Have you taken the PROMise?

Kelly Leppard, center, and Meredith Fenwich, right, try to recruit SHS students Ariel Perry and Catherine Myers during the “Prom Promise” campaign last week.

Kelly Leppard, center, and Meredith Fenwich, right, try to recruit SHS students Ariel Perry and Catherine Myers during the “Prom Promise” campaign last week.


The Southington Town-wide Effort to Promote Success (STEPS) Coalition is making an effort to encourage students to remain sober on prom night and is holding parents accountable for the after parties.

The “Promise” STEPS campaign is built on trust and students who participate will be rewarded with treats and giveaways. For the second year, STEPS is reaching out to students and asking them to make a “promise” to abstain from drugs and alcohol on prom night.

STEPS Youth Prevention Coordinator Kelly Leppard said that STEPS has gotten an even better response to the campaign this year.

“It’s an incentive to get the kids to stay sober,” she said.

STEPS received support from community businesses through donations, which will serve as rewards for the students who make the promise. Some of these businesses include Modern Formals, Eclipse Hair Salon, From Tips to Toes, Blonde and Beyond, Silk Nails, Stop and Shop, and Purple Petal.

During school hours, members of STEPS went to the high school and set up a table to hand out the pledges, stickers, and lip balm all with the logo “Promise.”

“We wanted to make it a positive thing and not just tell them ‘don’t drink,’ but by simply making a promise to make it a night to remember by celebrating without alcohol,” said Leppard.

Parents are also an important aspect of keeping teens safe of prom night, so STEPS reached out to them with information about Connecticut’s social host laws.

The social host law states that “it is illegal for anyone who owns or controls private property, including a dwelling unit, from recklessly or with criminal negligence, to permit anyone under age 21 to illegally possess alcohol in the unit or on the property.”

The law also extends to hold owners liable for allowing possession in the hands of someone “who acts recklessly or with criminal negligence.”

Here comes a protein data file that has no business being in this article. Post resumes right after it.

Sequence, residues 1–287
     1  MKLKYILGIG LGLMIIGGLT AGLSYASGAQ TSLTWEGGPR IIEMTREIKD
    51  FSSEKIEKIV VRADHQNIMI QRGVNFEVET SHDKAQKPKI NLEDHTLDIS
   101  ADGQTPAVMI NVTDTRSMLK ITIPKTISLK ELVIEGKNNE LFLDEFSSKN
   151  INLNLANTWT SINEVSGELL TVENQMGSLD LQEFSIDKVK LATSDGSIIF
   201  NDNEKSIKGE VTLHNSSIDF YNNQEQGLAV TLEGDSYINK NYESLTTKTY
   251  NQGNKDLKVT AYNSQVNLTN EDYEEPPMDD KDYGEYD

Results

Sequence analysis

Violating this law can result in a misdemeanor, which can lead to a year in prison or a $2,000 fine for every minor present at the time.

A letter was sent out to parents of juniors at Southington High School asking them to promise not to “allow any underage drinking or drug use” on their property and to “not provide minors with any alcohol on the night of their high school prom.”

In the letter, STEPS asked parents to either display a lawn sign, which stands against hosting parties with underage drinking, on their front lawn or to permit STEPS to print their name in an advertisement in local newspapers during prom week.

As an incentive to participate, all parents were entered in a raffle to win a $100 gift card to Stop and Shop, which was sponsored by Wheeler Clinic.

Leppard said STEPS has received a great response from parents so far, and a lot of the pledges have been returned.

STEPS is also in partnership with the Southington Police Department for both the junior and senior proms. SPD will be on patrol and prepared to shut down any underage drinking parties on either prom night.

STEPS will be setting up a table to hand out pledges for senior prom in May and parents of high school seniors will receive their pledge cards in the mail this April.


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